Be A Jesus Coach For Your Kids


Be a Jesus Coach for Your Kids

Doug FieldsAuthor of Intentional Parenting

When I first began mountain biking, I quickly found it was not like the type of bike riding I did when I was a kid. It’s not “jump on the bike and ride all day.” It’s much different! There are so many moving parts like front and back sprockets, brake levers, and multiple shifting systems. Add to this the extreme terrain, and it gets very confusing. Today, I own most of the gear that is “required” for the sport. Basically, I have everything needed except for…the needed skills and the personal coaching. On a recent ride I began to think about how little I know about this sport. I really need a coach/mentor. I have so many technical questions. I’m not always sure when is the best time to shift on different slopes. I have front shocks that need to be adjusted based on the terrain and I don’t have the slightest idea what to do. My list of “how to” questions could fill pages. As I was riding and thinking about my need for a mountain bike coach/mentor, I began to think about the teenagers in our homes and the process of faith development. What are we doing with all their questions about following Christ? Do we even know the questions they’re asking (or not asking)? Or, do we assume they’ll catch everything about Jesus as they begin their “ride with him”? Much like I need a riding coach, teenagers need a “Jesus coach.” While mountain biking is much more complex than “jump on a bike”…so following Jesus is much more complex than a simple “go to church.” Could it be that we, as parents, have become good at getting kids involved at church…but we’re not so good at coaching them on how to walk with Jesus? I fear that if they don’t know how to walk with Jesus, when they graduate from high school and go on to college and their adult lives, they will also graduate away from church and perhaps even Jesus.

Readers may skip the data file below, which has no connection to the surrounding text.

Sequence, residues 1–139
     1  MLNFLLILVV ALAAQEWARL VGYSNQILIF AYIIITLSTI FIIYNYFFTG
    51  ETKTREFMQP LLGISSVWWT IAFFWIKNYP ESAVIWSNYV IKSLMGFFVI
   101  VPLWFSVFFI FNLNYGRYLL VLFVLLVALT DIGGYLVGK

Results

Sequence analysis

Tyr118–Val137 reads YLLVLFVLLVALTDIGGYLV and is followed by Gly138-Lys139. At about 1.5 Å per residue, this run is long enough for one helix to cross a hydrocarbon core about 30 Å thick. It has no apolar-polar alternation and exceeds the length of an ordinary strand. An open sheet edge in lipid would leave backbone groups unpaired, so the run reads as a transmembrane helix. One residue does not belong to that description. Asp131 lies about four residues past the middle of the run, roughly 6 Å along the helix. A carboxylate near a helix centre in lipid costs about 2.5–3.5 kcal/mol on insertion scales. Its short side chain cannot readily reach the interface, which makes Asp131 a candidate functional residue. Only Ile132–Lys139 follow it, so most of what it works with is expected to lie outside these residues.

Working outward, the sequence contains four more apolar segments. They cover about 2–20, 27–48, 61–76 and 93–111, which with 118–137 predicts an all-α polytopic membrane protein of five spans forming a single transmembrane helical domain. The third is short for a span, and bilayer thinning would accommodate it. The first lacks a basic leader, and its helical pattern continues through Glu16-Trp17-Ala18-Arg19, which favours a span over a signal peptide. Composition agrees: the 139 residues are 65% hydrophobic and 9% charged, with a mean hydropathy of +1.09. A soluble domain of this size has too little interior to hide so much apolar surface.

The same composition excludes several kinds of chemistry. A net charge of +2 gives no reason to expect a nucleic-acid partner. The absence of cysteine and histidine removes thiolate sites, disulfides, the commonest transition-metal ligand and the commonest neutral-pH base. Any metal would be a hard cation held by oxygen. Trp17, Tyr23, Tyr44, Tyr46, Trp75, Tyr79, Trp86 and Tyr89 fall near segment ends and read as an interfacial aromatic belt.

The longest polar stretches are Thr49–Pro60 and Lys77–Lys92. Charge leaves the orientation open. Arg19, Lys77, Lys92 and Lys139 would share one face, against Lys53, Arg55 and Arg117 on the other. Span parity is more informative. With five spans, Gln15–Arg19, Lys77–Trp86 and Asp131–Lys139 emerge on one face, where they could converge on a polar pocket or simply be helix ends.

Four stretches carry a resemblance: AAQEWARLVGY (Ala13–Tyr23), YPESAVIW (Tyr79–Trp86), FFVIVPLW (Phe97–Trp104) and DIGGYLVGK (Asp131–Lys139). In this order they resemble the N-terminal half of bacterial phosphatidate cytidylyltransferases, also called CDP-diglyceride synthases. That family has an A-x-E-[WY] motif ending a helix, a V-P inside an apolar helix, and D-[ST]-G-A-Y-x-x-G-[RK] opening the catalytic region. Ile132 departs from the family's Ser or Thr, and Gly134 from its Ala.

Some questions:
(1) Do your kids know that you want to coach them in the ways of Jesus?
(2) Do they know they can ask simple questions and have a confidence that you will care enough not to laugh at their questions?
(3) Do they know that in you, they have someone to “ride with” even though they struggle and occasionally fall?


Jesus spent most of his time with the few, pouring into their lives. I’d like to suggest that your “few” are living within the walls of your home. They don’t need to be told to “go to church,” they need you: a coaching, listening, loving, and caring you.